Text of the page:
Skills

Engineers must be comfortable working with complex mathematics and scientific theory. They should be good problem solvers and analytical thinkers. Additionally, because engineering often requires lots of interdisciplinary collaboration, employers often value good communication skills and a team-oriented mindset.

Job Postings

Employers sometimes accept applicants from multiple engineering disciplines while noting that they prefer those with a background in civil or mechanical engineering. Typically, experience in the field of gas distribution is commonly preferred. The following job postings were available in May 2012:

  • A national engineering, science and operations company with multiple locations throughout the country posted an advertisement for a natural gas engineering project manager to work in Massachusetts. The applicant was expected to have at least a bachelor's degree in either mechanical or civil engineering, but a master's degree was preferred. Four years of experience, knowledge of federal, state and local gas pipeline regulations, pipeline design knowledge and knowledge of the gas distribution business were all requirements.
  • A gas corporation in Nevada advertised for a distribution engineer to estimate costs, design distribution facilities, review projects and monitor code compliance. At least five years of experience and a bachelor's degree in either civil or mechanical engineering was required.
  • An energy company in Maryland was looking for a distribution planning senior engineer serving over half a million natural gas customers. The applicant needed to have a bachelor's degree in electrical engineering and about five years of experience in the field.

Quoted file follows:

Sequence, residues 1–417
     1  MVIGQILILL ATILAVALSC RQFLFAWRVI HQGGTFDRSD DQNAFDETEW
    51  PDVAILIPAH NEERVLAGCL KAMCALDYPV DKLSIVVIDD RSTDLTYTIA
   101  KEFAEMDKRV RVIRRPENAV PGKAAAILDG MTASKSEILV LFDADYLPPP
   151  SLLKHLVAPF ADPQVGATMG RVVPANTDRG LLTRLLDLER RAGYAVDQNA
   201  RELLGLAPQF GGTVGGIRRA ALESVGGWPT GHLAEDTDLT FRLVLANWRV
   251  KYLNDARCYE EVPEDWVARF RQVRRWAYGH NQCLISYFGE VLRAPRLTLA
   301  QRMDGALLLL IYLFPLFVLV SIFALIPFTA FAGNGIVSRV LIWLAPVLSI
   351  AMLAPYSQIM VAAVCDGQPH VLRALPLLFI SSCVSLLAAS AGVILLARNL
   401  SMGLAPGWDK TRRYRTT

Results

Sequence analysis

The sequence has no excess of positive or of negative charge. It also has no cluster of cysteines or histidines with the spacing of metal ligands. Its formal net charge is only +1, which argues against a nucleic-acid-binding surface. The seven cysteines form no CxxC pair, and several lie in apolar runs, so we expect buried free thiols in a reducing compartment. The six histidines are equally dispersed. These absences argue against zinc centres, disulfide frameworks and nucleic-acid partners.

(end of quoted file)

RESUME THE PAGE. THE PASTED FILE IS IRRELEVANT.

How to Stand Out

One way to stand out is to pursue a graduate degree in civil or mechanical engineering, which could be preferred by some employers. A master's degree program takes 2-3 years to finish and culminates in a thesis or comprehensive exam.

If you want to work in a role that would involve offering your services to the public, you will need to be licensed in all 50 states. By allowing you to have a wider range of responsibilities, licensure could open up more job opportunities to you. You might also consider earning certification through an organization like the American Society of Mechanical Engineers. This could help you demonstrate your competency in the field to future employers.

Alternative Careers

Civil Engineering Technician

If you're interested in working in the field of engineering but you don't want to complete a bachelor's degree, you might consider working as a civil engineering technician. In this position, you would help assist civil engineers in testing, designing and developing various projects. In 2011, the BLS reported that civil engineering technicians earned a median annual salary of about $47,000, and from 2010-2020, they were expected to see a job growth of about 12%. An associate degree in civil engineering technology is typically required for such a position.

Architect

If you're interested in design but you don't want to work in gas distribution or even in engineering, you may consider becoming an architect. These professionals create plans for new buildings and oversee their construction. You need at least a bachelor's degree to work as an architect, and architectural bachelor's degrees typically take about five years to complete. From 2010-2020, the BLS predicted that architects would see a faster-than-average job growth of 24%. In 2010, these professionals earned a median annual salary of about $73,000, according to the BLS.